This is a super book. I read it on holiday in Mauritius and the book and the surroundings together took me to a state of bliss. I absolutely LOVED it but as a result won't be travelling to India to pursue my love of yoga at any time soon! I am tempted though...
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11 of 11 people found the following review helpful
5.0 out of 5 stars Lucy Edge - Yoga School Drop Out, 12 April 2005
By A Customer
This review is from: Yoga School Dropout (Paperback)
I brought this on holidays and I found it so difficult to put down! It made me laugh, It made me want to give it all up and head to Kerala, it made me see beyond the veneer of mysticism that we create around yoga and most importantly, it made me remember to put it all into perspective.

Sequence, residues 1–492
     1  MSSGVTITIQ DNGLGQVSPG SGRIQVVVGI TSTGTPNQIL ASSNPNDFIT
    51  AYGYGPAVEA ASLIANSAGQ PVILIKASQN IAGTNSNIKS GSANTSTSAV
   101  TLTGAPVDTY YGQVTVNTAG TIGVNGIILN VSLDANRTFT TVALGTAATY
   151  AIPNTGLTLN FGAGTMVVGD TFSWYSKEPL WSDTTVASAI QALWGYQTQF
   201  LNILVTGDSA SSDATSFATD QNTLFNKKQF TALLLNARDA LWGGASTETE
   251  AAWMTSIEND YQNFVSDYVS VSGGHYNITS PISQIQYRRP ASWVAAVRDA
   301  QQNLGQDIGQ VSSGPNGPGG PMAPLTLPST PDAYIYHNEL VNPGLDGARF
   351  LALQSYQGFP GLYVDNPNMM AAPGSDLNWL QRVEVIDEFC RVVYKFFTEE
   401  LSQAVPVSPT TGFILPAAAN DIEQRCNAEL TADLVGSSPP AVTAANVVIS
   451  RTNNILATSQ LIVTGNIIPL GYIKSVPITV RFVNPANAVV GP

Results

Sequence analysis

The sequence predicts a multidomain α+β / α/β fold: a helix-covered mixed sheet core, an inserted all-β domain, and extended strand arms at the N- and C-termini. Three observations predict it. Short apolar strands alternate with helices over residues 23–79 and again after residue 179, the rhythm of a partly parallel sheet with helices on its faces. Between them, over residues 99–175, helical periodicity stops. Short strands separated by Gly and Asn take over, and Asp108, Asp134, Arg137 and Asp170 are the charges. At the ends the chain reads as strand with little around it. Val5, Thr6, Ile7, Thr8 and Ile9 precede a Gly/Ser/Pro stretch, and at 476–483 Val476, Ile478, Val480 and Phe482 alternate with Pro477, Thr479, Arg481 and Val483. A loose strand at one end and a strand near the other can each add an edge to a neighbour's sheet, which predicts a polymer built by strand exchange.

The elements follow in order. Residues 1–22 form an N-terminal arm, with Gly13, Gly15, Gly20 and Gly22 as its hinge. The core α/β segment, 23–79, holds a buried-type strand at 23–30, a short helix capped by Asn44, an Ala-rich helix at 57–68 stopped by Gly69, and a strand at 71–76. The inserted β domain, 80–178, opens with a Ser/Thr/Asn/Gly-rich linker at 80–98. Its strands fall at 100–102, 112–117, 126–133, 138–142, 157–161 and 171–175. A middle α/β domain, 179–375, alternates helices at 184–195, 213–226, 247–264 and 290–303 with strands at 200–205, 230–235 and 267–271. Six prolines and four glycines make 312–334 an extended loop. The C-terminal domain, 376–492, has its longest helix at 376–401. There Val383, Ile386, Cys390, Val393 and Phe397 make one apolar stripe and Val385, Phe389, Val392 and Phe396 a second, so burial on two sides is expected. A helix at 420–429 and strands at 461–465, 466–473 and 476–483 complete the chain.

I loved the book - so well written and such a fascinating read
Lucy - can't wait for your next book. Release it soon!!
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22 of 23 people found the following review helpful
3.0 out of 5 stars A bit of fun, 29 Mar 2007
By 
This review is from: Yoga School Dropout (Paperback)
I should have read the reviews before buying the book as I was quite surprised that it's not fictional writing (as I expected) but instead based on Lucy Edge's own journey to India.

Lucy Edge - a burned out, high flying professional - is sick of her London life and decides to `find herself' in India. She attends about 6 different yoga and meditation ashrams there, hoping that one of them will help her find the answers she is looking for.